South Africa's struggling state-owned power firm Eskom on Thursday forecast a difficult winter with demand set to rise in the continent's most industrialised but energy-starved country.
Eskom warned that it may ramp up crippling power outages to prevent a national grid collapse as winter arrives in the coming weeks.
"It's going to be a difficult winter," Calib Cassim, the company's interim CEO told a news briefing in Johannesburg.
But a total "blackout is unlikely," he said, allaying fears of South Africans as the southern hemisphere winter, which starts in June, sends energy demand soaring.
Winter demand for power is expected to surge to around 33,000 megawatts but Eskom is only able to produce 26,000 megawatts out of its installed capacity of 47,500 megawatts.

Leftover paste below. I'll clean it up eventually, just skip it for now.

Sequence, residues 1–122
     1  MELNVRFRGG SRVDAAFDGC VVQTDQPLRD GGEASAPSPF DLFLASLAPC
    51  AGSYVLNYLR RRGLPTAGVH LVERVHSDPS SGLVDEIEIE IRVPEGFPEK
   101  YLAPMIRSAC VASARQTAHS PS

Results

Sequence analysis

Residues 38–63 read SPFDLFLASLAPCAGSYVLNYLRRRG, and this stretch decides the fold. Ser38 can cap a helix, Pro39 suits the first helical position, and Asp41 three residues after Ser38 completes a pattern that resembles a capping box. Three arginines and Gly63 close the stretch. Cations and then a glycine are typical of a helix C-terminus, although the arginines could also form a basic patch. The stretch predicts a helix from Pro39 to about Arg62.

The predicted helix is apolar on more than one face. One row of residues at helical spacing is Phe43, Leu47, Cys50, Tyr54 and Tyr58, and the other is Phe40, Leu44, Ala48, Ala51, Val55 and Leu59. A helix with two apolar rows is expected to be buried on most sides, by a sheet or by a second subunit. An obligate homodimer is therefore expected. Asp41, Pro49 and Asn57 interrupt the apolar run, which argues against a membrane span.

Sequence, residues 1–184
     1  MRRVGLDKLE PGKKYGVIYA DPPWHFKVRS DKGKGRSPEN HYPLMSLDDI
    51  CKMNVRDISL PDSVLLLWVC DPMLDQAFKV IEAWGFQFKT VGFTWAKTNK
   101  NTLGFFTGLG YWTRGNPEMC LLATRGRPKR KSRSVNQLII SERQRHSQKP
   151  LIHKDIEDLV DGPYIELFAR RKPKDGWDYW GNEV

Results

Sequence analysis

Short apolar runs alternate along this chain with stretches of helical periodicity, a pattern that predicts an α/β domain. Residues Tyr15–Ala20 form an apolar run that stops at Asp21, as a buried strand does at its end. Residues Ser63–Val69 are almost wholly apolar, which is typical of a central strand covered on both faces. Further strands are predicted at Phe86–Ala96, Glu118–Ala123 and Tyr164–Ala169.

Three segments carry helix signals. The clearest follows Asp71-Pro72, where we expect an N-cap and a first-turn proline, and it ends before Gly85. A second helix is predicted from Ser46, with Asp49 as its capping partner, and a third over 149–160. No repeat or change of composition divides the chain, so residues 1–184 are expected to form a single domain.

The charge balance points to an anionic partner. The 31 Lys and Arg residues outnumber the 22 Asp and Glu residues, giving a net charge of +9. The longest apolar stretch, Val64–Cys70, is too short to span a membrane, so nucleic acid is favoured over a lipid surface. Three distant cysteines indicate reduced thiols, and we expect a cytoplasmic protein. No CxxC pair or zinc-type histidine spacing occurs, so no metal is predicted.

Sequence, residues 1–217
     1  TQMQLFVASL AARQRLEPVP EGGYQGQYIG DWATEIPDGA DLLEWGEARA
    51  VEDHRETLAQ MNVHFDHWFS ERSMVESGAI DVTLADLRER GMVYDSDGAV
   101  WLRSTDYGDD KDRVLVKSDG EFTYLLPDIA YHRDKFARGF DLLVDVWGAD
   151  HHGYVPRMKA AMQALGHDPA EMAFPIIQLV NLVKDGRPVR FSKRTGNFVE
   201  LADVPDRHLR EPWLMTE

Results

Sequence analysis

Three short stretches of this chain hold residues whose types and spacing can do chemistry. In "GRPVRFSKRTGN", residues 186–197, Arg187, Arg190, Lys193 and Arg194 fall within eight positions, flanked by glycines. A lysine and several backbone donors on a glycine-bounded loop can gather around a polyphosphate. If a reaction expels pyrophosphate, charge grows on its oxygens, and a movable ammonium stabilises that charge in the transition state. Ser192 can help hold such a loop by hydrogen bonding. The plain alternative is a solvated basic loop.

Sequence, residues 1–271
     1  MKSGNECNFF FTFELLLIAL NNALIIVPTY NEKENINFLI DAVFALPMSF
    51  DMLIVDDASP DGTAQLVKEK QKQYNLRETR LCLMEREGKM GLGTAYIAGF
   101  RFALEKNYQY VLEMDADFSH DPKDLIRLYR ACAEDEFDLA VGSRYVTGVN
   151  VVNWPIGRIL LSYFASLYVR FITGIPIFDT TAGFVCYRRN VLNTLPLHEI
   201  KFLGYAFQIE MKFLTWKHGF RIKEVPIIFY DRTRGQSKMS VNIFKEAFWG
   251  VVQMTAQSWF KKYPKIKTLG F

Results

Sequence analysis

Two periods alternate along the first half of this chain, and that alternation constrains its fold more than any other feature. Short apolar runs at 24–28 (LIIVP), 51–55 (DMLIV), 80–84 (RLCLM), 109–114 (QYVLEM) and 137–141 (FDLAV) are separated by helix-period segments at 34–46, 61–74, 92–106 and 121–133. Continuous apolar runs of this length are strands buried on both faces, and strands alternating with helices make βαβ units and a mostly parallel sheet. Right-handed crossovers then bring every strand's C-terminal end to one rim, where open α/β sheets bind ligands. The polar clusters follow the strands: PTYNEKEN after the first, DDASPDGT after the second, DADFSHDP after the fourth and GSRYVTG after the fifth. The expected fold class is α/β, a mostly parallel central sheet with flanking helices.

Already the country is going into winter with a shortfall of some 3,000 megawatts compared to last year as its Koeberg nuclear power station is undergoing an overhaul. One of the country's newest coal-powered stations Kusile, has suffered major breakdowns.
"In terms of capacity that's available, we are starting on the back foot with 3,080 megawatts less," said Segomoco Scheppers, who is the Eskom executive responsible for transmission.
"This is going to be a very, very tight winter in terms of supply and demand," said Scheppers, adding "the scenarios of the winter outlook indicate loadshedding could intensify".
Loadshedding refers to scheduled power cuts imposed on rotational basis across parts of the country in order to avoid a total blackout.
This is how Eskom balances supply with demand, and people have been forced to endure blackouts of up to 12 hours a day.
Blackouts could last even longer if planned repair works are not effective.
South Africa's power crisis has deepened over the past year.
The shortages are blamed on insufficient investments in the country's ageing or poorly designed coal-fired power plants, corruption, crime and sabotage.